File comment: Idle cycle
tek00062.png
tek00062.png [ 30.37 KiB | Viewed 1082 times ]

Attachment:
File comment: Scope search function, pointing out all of the idle cycles
tek00063.png
tek00063.png [ 51.37 KiB | Viewed 1082 times ]


Edit:
I didn't look when I was using the scope but my calculations indicate that M2 and the PPU Idle cycle do not coincide in phase. In other words, the PPU Idle cycle will coincide with M2 Low (pictured), the first half of M2 high, or the last half of M2 high. So it cycles through the 3 phases each 3 scanlines. Not sure if that is important or not but it makes more sense why this state machine is so complicated. Will verify it with my scope tomorrow. For me, this stuff is the fun part.

Edit 2:
Confirmed that there is no way that the in-frame bit is setting and clearing for each scanline. That was 100% totally wrong, I screwed up. From what I am seeing now, my theory is that the scanline counter increments each time the bottom state machine becomes unlocked (which happens each scanline, only on PPU cycle 2), and the scanline counter resets each time that the top state machine becomes not-in-frame, which happens on scanline 240, cycle 6, 7, or 8, depending on M2/RD phase. Since there are 262 scanlines, which is not a multiple of 3, I do not believe that the M2/RD phase is the same from one frame to the next for scanline 240 (or any other particular scanline). Will need to verify these things.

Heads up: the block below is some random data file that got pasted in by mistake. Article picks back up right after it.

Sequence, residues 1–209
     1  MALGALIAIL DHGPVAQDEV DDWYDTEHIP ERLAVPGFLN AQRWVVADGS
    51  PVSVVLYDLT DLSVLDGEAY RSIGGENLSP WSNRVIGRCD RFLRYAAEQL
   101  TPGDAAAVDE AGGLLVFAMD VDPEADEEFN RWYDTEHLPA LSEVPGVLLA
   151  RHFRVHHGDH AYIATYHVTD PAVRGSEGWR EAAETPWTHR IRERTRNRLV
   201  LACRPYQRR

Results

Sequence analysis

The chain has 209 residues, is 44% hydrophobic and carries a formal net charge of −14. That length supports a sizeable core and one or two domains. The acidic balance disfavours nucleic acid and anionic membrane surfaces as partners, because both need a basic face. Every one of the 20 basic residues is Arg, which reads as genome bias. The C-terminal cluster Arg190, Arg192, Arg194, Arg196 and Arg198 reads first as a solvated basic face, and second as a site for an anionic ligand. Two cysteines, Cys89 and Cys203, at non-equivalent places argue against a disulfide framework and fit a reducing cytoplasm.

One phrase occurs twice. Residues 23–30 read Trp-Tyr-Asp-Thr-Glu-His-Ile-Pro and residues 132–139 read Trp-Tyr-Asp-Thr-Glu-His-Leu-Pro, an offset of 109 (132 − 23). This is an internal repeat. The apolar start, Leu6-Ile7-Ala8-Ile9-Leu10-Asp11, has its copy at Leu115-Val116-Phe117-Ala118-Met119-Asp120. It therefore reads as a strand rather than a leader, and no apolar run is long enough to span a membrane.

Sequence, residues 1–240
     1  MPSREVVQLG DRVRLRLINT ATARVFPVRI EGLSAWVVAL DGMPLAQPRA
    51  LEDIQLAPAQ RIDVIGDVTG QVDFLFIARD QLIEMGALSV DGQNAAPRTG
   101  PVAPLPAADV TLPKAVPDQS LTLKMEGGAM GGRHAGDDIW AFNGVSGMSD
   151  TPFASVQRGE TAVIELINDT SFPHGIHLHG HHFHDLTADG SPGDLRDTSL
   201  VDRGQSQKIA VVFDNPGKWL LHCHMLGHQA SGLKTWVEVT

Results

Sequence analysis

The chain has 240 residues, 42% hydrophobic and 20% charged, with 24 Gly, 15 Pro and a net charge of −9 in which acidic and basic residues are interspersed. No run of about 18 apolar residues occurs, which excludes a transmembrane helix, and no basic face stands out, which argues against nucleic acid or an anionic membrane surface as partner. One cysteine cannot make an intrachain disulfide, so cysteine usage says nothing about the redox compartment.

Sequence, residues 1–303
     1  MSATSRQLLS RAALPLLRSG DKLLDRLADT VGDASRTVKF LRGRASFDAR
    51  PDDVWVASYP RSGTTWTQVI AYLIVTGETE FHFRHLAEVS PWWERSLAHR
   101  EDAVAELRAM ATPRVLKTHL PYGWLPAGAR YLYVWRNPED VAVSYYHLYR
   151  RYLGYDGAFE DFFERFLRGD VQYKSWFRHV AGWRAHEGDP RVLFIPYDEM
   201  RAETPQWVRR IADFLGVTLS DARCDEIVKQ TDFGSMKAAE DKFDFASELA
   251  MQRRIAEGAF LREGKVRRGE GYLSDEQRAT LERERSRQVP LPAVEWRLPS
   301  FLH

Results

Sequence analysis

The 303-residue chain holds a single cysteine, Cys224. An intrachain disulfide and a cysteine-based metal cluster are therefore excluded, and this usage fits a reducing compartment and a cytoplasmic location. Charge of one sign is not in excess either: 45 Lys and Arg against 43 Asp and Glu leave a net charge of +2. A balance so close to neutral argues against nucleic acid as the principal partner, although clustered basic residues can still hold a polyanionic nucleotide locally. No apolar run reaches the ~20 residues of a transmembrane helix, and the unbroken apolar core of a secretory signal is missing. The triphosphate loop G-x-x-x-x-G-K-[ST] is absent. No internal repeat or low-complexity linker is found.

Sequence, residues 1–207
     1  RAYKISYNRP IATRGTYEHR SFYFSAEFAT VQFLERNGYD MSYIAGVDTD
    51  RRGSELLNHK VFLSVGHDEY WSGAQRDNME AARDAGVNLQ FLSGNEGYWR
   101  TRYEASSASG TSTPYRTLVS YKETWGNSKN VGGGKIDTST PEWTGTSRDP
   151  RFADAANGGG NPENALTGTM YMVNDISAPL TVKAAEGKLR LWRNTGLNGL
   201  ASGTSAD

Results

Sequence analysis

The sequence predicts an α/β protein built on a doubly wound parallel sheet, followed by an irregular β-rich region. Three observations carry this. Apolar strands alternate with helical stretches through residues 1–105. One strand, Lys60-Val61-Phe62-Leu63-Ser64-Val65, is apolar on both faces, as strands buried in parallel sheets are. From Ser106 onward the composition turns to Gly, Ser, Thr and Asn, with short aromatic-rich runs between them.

Edit 3:
lidnariq wrote:
We've known the horizontal timing for more than a decade: viewtopic.php?p=12379#p12379
Drag wrote a test that took advantage of predictable peculiarities of the PPU's fetch sequence to clock the MMC5 IRQ an extra scanline: viewtopic.php?f=9&t=7653
I am going to hold off reading up on this stuff lidnariq and try to follow through to my own unbiased solutions first, then go back and compare to what you guys did over a decade ago. Hopefully there are differences! That would be exciting.


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PostPosted: Fri Feb 01, 2019 12:34 pm